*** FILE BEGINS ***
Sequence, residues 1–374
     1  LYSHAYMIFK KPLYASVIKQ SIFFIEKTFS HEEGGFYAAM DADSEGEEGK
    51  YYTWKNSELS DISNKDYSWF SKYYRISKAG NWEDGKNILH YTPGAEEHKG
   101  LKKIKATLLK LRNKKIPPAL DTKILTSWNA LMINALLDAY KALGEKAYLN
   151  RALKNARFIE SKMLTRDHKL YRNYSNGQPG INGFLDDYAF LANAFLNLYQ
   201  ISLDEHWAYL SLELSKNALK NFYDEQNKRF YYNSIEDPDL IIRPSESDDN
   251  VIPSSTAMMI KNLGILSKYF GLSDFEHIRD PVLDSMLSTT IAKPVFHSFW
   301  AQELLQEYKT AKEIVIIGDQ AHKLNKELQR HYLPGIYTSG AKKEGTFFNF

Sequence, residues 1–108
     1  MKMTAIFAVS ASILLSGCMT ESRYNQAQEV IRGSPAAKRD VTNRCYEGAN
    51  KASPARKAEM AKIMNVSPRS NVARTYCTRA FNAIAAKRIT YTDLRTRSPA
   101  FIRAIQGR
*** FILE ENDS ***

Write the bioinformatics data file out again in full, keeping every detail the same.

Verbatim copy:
Sequence, residues 1–374
     1  LYSHAYMIFK KPLYASVIKQ SIFFIEKTFS HEEGGFYAAM DADSEGEEGK
    51  YYTWKNSELS DISNKDYSWF SKYYRISKAG NWEDGKNILH YTPGAEEHKG
   101  LKKIKATLLK LRNKKIPPAL DTKILTSWNA LMINALLDAY KALGEKAYLN
   151  RALKNARFIE SKMLTRDHKL YRNYSNGQPG INGFLDDYAF LANAFLNLYQ
   201  ISLDEHWAYL SLELSKNALK NFYDEQNKRF YYNSIEDPDL IIRPSESDDN
   251  VIPSSTAMMI KNLGILSKYF GLSDFEHIRD PVLDSMLSTT IAKPVFHSFW
   301  AQELLQEYKT AKEIVIIGDQ AHKLNKELQR HYLPGIYTSG AKKEGTFFNF

Sequence, residues 1–108
     1  MKMTAIFAVS ASILLSGCMT ESRYNQAQEV IRGSPAAKRD VTNRCYEGAN
    51  KASPARKAEM AKIMNVSPRS NVARTYCTRA FNAIAAKRIT YTDLRTRSPA
   101  FIRAIQGR